Implementation, Participation Patterns, Costs, and Two-Year Impacts of the Portland (Oregon) Welfare-to-Work Program: Executive Summary. Executive Summary

05/01/1998

Few domestic issues have generated as much attention over the past decade as welfare reform.  Persistent dissatisfaction with the Aid to Families with Dependent Children (AFDC) program — the nation’s principal safety net for poor families — spurred the enactment in August 1996 of the Personal Responsibility and Work Opportunity Reconciliation Act.1  Among its provisions, the law replaced AFDC with a block grant program, Temporary Assistance for Needy Families (TANF), and created financial incentives for states to run mandatory, work­focused welfare­to­work programs.

Welfare­to­work programs provide services such as job search assistance, education, and training to help welfare recipients prepare for and find jobs.  States have run versions of these programs to serve part of the welfare caseload for the past three decades.  Various facets of the 1996 law, however, magnify the need for effective strategies to move people more quickly into jobs and off welfare.  First, states may not use federal funds to support most families for longer than five years and may impose even shorter time limits on assistance (they may also elect to use state funds to support families beyond five years).  Second, to prevent reductions in their block grants, states must meet demanding "participation standards" by engaging large proportions of TANF recipients in work or work­related activities.  To meet these standards, most states will have to engage a wider cross section of the caseload in work or program activities than they did previously.  Third, states’ TANF plans must include how the states will require recipients to work after two years of assistance.

As states and localities transform their welfare­to­work programs in response to the federal legislation, the need to learn about programs that have moved substantial numbers of people into work and off welfare increases.  The two­year findings presented in this report show the Portland, Oregon, welfare­to­work program run between early 1993 and mid 1996 to be among the most successful large­scale mandatory welfare­to­work programs studied, producing large increases in employment and earnings and equally large reductions in welfare receipt for a broad cross section of the welfare caseload.  The positive effects remained very strong at the end of the two­year period studied, and preliminary data suggest they will continue into the third year.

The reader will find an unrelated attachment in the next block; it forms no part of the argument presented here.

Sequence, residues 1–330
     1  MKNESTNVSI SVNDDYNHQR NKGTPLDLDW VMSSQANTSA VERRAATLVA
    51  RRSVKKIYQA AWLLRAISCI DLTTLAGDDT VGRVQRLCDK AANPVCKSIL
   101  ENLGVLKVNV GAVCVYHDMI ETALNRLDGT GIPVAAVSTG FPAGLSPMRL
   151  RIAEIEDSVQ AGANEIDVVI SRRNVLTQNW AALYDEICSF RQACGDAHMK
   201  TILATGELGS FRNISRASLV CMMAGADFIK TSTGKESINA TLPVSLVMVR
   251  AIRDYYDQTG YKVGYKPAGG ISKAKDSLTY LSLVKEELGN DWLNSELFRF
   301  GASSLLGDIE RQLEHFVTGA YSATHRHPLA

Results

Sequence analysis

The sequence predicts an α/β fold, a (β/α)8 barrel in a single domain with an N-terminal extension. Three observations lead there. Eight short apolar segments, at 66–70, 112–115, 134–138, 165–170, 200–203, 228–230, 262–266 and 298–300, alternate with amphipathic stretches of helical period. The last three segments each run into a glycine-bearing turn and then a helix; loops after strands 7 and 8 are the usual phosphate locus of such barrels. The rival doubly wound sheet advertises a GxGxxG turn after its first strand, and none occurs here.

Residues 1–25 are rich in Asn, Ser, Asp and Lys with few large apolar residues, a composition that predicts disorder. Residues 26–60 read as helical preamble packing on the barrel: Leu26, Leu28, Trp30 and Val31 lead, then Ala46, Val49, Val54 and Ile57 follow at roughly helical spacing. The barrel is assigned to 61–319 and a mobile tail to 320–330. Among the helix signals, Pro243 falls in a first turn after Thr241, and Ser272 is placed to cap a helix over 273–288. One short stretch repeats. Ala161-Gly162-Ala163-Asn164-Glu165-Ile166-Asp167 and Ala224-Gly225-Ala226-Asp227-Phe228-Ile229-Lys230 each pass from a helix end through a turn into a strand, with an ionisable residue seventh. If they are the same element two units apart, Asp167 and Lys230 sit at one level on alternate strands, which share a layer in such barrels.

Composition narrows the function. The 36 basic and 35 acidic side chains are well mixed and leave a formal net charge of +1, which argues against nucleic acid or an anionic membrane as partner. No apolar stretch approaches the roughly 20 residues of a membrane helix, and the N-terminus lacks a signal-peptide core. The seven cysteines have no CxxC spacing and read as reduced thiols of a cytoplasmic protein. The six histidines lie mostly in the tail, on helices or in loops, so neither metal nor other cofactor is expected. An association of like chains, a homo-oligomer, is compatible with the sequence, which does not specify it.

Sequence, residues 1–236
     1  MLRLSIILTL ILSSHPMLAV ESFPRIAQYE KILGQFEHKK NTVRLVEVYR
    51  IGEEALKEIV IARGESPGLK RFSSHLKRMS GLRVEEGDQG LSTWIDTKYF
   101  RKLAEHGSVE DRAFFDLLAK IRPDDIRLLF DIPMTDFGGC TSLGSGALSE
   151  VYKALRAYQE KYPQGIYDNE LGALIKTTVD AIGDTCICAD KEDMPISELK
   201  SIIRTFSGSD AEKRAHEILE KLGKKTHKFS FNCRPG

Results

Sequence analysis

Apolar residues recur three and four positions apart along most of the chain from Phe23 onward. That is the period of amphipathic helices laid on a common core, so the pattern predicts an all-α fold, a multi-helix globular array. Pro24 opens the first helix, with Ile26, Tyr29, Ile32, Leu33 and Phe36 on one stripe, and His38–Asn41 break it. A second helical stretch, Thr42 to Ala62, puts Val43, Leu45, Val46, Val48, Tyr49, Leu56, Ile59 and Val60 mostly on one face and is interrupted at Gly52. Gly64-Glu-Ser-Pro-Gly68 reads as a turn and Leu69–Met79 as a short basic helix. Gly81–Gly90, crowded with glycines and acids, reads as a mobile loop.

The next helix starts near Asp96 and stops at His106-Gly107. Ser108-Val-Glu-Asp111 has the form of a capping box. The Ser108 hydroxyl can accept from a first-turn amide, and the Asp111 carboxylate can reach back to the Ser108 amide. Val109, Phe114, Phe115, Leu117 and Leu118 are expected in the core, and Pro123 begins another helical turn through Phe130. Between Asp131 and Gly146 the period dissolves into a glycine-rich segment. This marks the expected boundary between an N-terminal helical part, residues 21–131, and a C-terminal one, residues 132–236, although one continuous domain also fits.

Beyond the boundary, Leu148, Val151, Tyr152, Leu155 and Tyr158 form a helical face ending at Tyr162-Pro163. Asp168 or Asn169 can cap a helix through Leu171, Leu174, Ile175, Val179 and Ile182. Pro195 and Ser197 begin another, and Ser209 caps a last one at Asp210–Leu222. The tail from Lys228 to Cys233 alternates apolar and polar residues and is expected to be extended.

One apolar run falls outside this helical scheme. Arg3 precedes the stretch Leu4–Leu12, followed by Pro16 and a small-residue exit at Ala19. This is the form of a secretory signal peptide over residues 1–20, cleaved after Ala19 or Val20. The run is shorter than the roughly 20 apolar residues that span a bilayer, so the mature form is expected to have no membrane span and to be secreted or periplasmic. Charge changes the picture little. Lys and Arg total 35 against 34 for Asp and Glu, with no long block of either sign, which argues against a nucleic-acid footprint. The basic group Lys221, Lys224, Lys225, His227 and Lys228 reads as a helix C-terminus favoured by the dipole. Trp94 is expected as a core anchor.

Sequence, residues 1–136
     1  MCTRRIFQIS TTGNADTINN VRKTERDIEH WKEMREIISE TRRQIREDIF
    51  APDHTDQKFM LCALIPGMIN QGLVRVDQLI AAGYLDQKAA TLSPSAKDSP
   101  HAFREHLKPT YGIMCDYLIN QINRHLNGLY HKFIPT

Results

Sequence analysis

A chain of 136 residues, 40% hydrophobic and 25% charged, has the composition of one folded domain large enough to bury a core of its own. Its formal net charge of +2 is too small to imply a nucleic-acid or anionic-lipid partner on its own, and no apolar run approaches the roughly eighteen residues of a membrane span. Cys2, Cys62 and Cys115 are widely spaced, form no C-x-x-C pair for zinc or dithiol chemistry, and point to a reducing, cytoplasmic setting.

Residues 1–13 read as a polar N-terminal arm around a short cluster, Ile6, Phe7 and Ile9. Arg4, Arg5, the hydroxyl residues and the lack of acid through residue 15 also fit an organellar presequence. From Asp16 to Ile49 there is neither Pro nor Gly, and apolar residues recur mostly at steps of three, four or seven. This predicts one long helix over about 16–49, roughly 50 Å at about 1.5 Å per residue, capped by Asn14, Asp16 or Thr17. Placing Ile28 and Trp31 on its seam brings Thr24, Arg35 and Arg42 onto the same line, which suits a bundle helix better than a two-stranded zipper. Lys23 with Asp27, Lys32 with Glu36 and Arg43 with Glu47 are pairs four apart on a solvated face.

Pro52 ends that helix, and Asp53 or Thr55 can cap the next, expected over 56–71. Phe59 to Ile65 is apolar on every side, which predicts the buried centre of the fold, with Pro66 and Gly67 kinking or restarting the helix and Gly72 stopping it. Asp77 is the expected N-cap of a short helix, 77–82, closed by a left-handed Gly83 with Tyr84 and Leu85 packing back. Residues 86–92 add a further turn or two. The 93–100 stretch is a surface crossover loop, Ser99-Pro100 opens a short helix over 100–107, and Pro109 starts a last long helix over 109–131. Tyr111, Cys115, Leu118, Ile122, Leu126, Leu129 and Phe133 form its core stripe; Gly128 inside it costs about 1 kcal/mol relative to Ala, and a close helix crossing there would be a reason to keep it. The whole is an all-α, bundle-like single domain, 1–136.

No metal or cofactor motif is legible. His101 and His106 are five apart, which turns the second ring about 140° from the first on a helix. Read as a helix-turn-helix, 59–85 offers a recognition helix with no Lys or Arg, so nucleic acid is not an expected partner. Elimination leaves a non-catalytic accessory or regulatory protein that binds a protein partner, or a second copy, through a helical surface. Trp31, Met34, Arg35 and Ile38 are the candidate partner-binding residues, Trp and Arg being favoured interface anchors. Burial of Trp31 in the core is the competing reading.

This report is the latest from an evaluation of mandatory welfare­to­work programs in seven sites called the National Evaluation of welfare­to­work Strategies (NEWWS Evaluation), conducted by the Manpower Demonstration Research Corporation (MDRC) under contract to the U.S. Department of Health and Human Services, with support from the U.S. Department of Education.  The report examines the mandatory welfare­to­work program run in Portland (Multnomah and Washington counties).  Through the program, Portland provided employment and support services to a broad cross section of the AFDC caseload, including parents with children as young as one year old.  These people were required to participate in program activities or face reductions in their welfare grants.  Although the program studied was designed and implemented prior to the 1996 reform, its overarching goal was similar to that of the new law:  to foster the self­sufficiency of adult recipients through increased employment and decreased welfare receipt.  (The program that Portland is running under the 1996 welfare reform law includes some key features of the program studied in this report.)2

This report describes the implementation, participation patterns, and cost of the Portland program, and presents estimates of the effects of the program on employment, earnings, and welfare receipt during the two years following people’s entry into the program.  To determine the effects of Portland’s program, 5,547 single­parent AFDC applicants and recipients aged 21 and over who attended a program orientation between February 1993 and December 1994 were randomly assigned to either a program group, eligible for program services and subject to participation requirements, or a control group, not eligible for services and not subject to participation requirements (although they could participate in other services in the community).  Because randomization makes the two groups similar at the start, any differences in average subsequent outcomes (such as two­year earnings) can be confidently attributed to the effects of the program.  These differences, known as program impacts, will be discussed later in the summary and are statistically significant unless otherwise noted.3